[Tip : We need to add the Controller keyword with each Controller class we create(this is why we named it SitecoreJobsController.cs), but while calling the controller we do not postfix the Controller keyword]

This is how my SitecoreJobsController.cs look like:


public class SitecoreJobsController : Controller
{
    /// <summary>
    /// Wrapper class for Sitecore Job object
    /// </summary>
    public class SCJob
    {
        public string JobName { get; set; }
        public string JobStatus { get; set; }
        public string JobQueueTime { get; set; }
        public string JobCategory { get; set; }

        public SCJob(Sitecore.Jobs.Job job)
        {
            JobName = job.Name;
            JobCategory = job.Category;
            JobStatus = job.Status.State.ToString();
            JobQueueTime = job.QueueTime.ToLocalTime().ToString();
        }
    }

    public ActionResult GetSitecoreJobs()
    {
        List<SCJob> listSCJob = new List<SCJob>();

        // Get Sitecore jobs
        var jobs = GetJobs();

        // Convert the Sitecore Job object to SCJob object
        foreach (var job in jobs)
        {
            listSCJob.Add(new SCJob(job));
        }

        return Json(listSCJob, JsonRequestBehavior.AllowGet);
    }

    /// <summary>
    /// Get all running or queued Sitecore jobs & sort them by queue time
    /// </summary>
    /// <returns></returns>
    public List<Sitecore.Jobs.Job> GetJobs()
    {
        List<Sitecore.Jobs.Job> jobs = new List<Sitecore.Jobs.Job>();

        jobs = Sitecore.Jobs.JobManager.GetJobs().Where(i => i.IsDone == false)
               .OrderBy(i => i.QueueTime).ToList();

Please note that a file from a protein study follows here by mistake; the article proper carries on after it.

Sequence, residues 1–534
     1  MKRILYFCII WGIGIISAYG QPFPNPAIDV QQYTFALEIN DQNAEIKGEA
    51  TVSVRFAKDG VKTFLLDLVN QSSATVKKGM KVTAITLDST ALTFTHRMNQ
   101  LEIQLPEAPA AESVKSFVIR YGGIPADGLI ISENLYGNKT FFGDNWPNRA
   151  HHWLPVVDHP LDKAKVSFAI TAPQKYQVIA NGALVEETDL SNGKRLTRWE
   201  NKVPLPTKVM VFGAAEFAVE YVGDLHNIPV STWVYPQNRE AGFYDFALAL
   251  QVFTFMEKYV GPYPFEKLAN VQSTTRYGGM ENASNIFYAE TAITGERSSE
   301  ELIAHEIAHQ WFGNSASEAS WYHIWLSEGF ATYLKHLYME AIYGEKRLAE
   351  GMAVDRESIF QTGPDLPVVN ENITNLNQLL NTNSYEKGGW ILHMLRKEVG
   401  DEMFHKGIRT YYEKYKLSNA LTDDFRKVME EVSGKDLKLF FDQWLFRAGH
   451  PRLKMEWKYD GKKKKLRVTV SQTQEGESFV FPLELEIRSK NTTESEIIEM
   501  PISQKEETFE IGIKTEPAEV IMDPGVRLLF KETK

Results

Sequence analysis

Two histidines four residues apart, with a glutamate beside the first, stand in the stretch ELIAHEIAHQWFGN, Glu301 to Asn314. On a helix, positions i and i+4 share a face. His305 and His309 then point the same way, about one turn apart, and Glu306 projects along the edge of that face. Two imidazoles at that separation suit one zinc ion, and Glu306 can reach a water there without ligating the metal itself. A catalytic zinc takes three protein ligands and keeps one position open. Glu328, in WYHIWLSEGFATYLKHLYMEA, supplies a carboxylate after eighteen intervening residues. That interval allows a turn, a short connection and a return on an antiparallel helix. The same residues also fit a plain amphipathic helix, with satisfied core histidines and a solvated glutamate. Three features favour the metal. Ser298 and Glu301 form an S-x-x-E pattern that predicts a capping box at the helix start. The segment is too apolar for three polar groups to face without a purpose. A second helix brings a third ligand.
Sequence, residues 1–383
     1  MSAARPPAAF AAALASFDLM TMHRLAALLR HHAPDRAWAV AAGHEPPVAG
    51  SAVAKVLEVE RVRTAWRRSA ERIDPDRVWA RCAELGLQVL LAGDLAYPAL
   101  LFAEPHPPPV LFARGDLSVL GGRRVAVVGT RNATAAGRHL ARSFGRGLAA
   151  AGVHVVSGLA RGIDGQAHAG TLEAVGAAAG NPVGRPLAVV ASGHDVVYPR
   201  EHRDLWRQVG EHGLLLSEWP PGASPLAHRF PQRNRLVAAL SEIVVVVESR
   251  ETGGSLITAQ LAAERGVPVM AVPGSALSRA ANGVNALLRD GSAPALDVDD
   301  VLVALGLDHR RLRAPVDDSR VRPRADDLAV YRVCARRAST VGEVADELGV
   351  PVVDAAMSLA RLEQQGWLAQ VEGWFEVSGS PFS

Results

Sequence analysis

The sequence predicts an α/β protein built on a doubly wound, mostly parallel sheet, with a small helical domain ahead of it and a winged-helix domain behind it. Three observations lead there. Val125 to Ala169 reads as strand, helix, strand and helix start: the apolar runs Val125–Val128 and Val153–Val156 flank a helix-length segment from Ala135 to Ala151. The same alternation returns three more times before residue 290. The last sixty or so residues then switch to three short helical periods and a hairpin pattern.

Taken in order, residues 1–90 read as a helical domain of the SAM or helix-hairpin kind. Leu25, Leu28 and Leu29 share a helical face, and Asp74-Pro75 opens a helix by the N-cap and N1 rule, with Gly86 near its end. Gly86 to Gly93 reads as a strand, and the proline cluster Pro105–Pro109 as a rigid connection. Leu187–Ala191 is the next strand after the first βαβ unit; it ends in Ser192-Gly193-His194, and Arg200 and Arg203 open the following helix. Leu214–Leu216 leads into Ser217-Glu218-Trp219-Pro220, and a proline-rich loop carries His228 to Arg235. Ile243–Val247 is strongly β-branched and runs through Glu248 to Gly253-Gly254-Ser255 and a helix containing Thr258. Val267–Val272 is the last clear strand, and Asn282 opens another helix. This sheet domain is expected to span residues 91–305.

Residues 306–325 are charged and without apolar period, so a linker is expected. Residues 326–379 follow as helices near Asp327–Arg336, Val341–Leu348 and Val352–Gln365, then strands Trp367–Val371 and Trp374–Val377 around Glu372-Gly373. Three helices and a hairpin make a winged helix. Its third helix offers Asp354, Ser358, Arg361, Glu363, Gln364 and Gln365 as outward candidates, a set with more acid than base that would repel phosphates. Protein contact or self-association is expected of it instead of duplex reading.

return jobs;
    }
}

Here I defined a wrapper class SCJob which has all the properties we would need to render Sitecore Jobs.
This SCJob class has a Constructor which takes Sitecore Job object as parameter.

Our Controller has  the GetSitecoreJobs() method to return the JSON collection of currently running or queued Sitecore Jobs wrapped in SCJob object.

Don’t forget to build the project & copy the DLL to our website’s bin folder.

Now let’s modify our view rendering (SitecoreJobsList,cshtml) as below :


@using Sitecore.Mvc
@using Sitecore.Mvc.Presentation
@using Sitecore.Web.UI.Controls.Common.UserControls
@model RenderingModel
@{
    var rendering = Html.Sitecore().Controls().GetUserControl(Model.Rendering);
    rendering.Class = "sc-listcontrol sc-SitecoreJobs";
    rendering.Requires.Script("client", "SitecoreJobs.js");

    //Rendering parameters
    rendering.GetString("jobitems", "jobitems");

    var htmlAttributes = rendering.HtmlAttributes;
}


<div @htmlAttributes>
    <div>
        <table class=" sc-table sc-table-header table">
            <thead>
                <tr>
                    <th class="sc-table-head">Job Name</th>
                    <th class="sc-table-head">Job Category</th>
                    <th class="sc-table-head">Job Status</th>
                    <th class="sc-table-head">Job Queue Time</th>
                </tr>
            </thead>
        </table>
        <div class="sc-listcontrol-body">